Secret London: The Cloak and Dagger Capital


Avoid the carbon copy chain gang venues and head underground to a world of hidden London watering holes.

FROM furtive feasting in forbidden restaurants to Prohibition-era inspired speakeasies and surprise film screenings; London’s the place to be if you’re hungry for clandestine activity. As the bleakness of winter looms, driving urban dwellers underground into discreet basement drinking dens, the capital’s underworld raves on, cool and carefree.

Far from the commercial heights of the high street, beneath the cobbled Dickensian lanes of the east, a secret subculture has been thriving, rousing London from the pits of recession as residents seek inexpensive alternatives to the gastropubs and superclubs and embrace an efficient pop-up trend.

Today toilets converted into clubs and cellars into cabaret dens provide respite from the strife of modern life as vintage trends from various eras emerge: the 1940s in the form of the hidden Bourne & Hollingsworth bar just off Oxford Street with its granny-chic decor and teatime cocktails, is a classic example of wartime revival.

At Cellar Door, a former public toilet, you’ll be transported back to the ‘30s via a classy East End cabaret buried beneath The Strand. While across town, speakeasies of the 1920s are commemorated in former printworks Passing Clouds – the hip Dalston hangout where creatives host quirky club nights; one of note being Badger Badger, with its carnival-like atmosphere lead by a percussion-friendly ensemble. Revellers dress up as their furry icons and stomp to the animal samba, perform badger sacrifices, let loose to resident band Artful Badger – and other off-the-wall wildness.

Equally idiosyncratic is the charmingly illegal underground restaurant movement that sidesteps the usual tourist traps and sees savvy, anarchic restaurateurs take up Robin Hood-like roles. Taking advantage of the recent supperclub trend (whereby you visit a stranger’s home for dinner, usually via password entry) it is perfectly suited for these economically challenged times. Ms Marmite Lover’s Underground restaurant is a self-proclaimed ‘anti-restaurant’ with ‘guerrilla dining’, while The Secret Ingredient claims to be the UK’s first home restaurant and offers a broad menu from Japanese to Spanish cuisine. What you can generally expect in these places is quality home-cooked fare at a fair price with an eclectic cross-section of participants.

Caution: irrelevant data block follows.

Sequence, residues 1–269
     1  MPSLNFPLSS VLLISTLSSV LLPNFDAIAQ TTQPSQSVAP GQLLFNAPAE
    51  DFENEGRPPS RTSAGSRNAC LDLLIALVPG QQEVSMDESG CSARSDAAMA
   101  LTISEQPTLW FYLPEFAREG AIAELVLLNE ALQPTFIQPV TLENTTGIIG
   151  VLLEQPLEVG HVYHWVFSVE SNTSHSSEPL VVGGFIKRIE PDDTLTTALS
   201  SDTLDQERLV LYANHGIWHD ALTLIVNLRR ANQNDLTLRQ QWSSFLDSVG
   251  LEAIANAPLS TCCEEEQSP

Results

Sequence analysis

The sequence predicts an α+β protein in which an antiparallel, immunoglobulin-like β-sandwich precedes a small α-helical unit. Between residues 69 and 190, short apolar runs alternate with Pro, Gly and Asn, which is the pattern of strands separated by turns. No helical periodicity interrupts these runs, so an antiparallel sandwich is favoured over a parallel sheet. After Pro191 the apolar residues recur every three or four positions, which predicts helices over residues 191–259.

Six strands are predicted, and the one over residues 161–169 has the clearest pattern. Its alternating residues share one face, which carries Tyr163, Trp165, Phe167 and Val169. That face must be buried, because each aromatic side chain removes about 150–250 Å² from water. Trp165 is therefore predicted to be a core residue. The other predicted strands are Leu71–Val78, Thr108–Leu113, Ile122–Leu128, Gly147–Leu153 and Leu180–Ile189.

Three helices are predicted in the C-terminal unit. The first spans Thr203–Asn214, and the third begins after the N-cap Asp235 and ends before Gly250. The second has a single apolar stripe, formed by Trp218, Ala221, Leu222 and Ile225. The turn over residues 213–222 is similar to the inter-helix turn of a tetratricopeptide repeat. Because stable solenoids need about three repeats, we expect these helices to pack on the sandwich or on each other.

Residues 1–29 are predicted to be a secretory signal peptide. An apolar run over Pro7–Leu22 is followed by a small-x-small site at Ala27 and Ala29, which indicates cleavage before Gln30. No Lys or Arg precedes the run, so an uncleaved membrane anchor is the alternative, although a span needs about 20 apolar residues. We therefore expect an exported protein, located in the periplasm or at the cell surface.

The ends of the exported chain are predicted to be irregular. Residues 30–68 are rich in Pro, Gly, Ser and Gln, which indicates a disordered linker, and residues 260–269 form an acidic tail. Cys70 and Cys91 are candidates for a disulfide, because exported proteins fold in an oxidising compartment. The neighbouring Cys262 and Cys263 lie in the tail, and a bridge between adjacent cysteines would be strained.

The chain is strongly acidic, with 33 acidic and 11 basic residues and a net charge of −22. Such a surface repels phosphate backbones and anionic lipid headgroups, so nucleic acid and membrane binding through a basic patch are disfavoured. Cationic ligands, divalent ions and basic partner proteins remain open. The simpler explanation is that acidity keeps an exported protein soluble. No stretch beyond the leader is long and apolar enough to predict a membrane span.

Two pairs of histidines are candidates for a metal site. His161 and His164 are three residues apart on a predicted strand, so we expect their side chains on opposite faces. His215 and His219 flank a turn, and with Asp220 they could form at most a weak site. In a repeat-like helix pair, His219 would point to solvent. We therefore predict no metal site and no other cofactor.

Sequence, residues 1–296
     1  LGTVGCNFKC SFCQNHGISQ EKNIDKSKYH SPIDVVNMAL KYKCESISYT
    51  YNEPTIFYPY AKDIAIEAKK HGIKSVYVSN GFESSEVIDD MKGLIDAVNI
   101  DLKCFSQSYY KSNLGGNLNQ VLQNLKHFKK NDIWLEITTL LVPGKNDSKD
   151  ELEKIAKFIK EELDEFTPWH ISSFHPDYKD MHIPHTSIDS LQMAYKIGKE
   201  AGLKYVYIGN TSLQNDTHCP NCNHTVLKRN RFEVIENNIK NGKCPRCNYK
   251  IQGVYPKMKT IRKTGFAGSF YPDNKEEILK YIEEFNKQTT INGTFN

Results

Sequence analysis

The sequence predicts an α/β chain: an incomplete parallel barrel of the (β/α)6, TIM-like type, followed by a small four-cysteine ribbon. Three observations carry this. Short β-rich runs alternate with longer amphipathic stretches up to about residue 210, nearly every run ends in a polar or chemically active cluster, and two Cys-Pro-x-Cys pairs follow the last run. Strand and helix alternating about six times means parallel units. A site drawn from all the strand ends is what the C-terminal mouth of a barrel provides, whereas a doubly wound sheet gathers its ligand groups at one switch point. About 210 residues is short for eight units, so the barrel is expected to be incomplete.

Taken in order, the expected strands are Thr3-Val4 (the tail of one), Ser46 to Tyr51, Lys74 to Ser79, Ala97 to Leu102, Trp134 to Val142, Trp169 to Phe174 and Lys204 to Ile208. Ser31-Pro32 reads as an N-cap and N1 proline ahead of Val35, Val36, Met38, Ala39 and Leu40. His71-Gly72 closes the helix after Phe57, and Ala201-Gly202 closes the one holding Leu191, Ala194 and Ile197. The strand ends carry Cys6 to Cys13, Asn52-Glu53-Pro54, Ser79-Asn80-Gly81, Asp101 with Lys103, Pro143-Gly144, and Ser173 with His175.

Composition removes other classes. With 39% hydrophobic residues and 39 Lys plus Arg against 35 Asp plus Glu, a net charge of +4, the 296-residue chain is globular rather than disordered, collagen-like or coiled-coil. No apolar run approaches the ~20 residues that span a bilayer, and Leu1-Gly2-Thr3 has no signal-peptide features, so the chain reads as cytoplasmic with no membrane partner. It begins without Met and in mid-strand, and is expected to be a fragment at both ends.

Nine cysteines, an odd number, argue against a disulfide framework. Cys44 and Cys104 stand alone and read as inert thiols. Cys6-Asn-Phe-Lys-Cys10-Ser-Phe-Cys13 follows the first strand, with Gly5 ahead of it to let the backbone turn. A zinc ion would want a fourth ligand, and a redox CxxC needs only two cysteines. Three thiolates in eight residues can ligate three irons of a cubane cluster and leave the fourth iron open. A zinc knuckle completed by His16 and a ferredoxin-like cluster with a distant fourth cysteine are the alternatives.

For something more upbeat there are secret club nights hosted by RF London; the Secret Safari Club in Shoreditch had safari-clad party-goers tucking into cocktails and canapés, while the Secret Vampire Club at Halloween is in a top secret location only revealed the night before the event. Also, new underground watering hole The Mayor of Scaredy Cat Town has been causing a stir in Spitalfields. The covert operation involves asking a staff member for ‘The Mayor’ and making your way to a concealed basement bar in The Breakfast Club cafe via a Smeg fridge door.

Now one of London’s worst kept secrets, the The Underground Rebel Bingo Club – based on the premise that Oliver Cromwell outlawed London’s only bingo club in 1657, driving its members underground – proclaims to ‘meet under the cover of darkness’ and ‘use cunning cover stories’ to disguise their meetings. Secret Cinema can also be elusive; venues (in or outdoors) are discovered after several clues and teasers, while performers in fancy-dress set the scene. The monthly extravaganza has proven a popular hit with those gagging for an alternative to the conventional silver screen experience. So crawl into the woodwork Londoners – wear your baffled expressions with pride and peer through the spy holes to discover the secret underworld calling.

First published on I Voice, Ibiza, October 2011.
© Abbey Stirling